By Peter Slavin
Young people are different today and the Army is wrestling with how to integrate them into its ranks, senior leaders said Oct. 21 at the 2013 Annual Meeting and Exposition of the Association of the United States Army.
They live in a virtual world and they are texting and Facebooking, observed Sgt. Maj. of the Army Raymond Chandler III.
“We’ve got to pull them into the Army family and expose them to other ways to communicate beyond what they’re very comfortable with,” Chandler added. He called on unit leaders to spend personal time with young soldiers.
“We have to make that initial contact,” said Army Chief of Staff Gen. Raymond Odierno, adding that it may have to be virtual.
Odierno noted that two years ago Duke basketball coach Mike Krzyzewski spoke to military leadership groups about how he’s had to change his recruiting methods with today’s young athletes. He had to learn how to text, Odierno explained. Then he had to learn how to use Twitter because that’s how he initially connected with them. Through this social media, Krzyzewski built personal relationships with these high school players.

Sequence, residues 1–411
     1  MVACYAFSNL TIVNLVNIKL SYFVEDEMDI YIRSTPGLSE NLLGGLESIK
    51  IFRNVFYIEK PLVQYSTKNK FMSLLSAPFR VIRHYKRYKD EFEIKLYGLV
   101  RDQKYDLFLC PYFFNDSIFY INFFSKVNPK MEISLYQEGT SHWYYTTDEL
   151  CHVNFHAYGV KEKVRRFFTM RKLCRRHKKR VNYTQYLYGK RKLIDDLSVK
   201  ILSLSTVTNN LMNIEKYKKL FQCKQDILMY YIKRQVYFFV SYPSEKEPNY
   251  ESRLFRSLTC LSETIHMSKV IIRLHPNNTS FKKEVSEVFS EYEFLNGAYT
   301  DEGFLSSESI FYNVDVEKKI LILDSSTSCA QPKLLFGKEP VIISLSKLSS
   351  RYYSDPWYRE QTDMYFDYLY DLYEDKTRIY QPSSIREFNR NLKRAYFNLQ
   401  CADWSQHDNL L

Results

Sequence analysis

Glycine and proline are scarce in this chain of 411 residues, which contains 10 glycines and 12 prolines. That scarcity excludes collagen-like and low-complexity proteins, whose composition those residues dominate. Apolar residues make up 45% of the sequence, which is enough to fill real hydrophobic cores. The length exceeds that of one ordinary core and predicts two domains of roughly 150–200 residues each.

“I think that’s the same thing that we have to do,” Odierno said. “We have to figure out how to do that.” He indicated that part of the answer is letting young soldiers understand that there are people that care. There are people who want to reach out to them.
Secretary of the Army John McHugh added that the Army probably overemphasized the privacy of single soldiers in recent years. He cited new housing which has allowed young soldiers to isolate themselves after duty hours.
“What we’re trying to do now,” he said, is “try to kind of back step to some extent while still respecting their privacy.”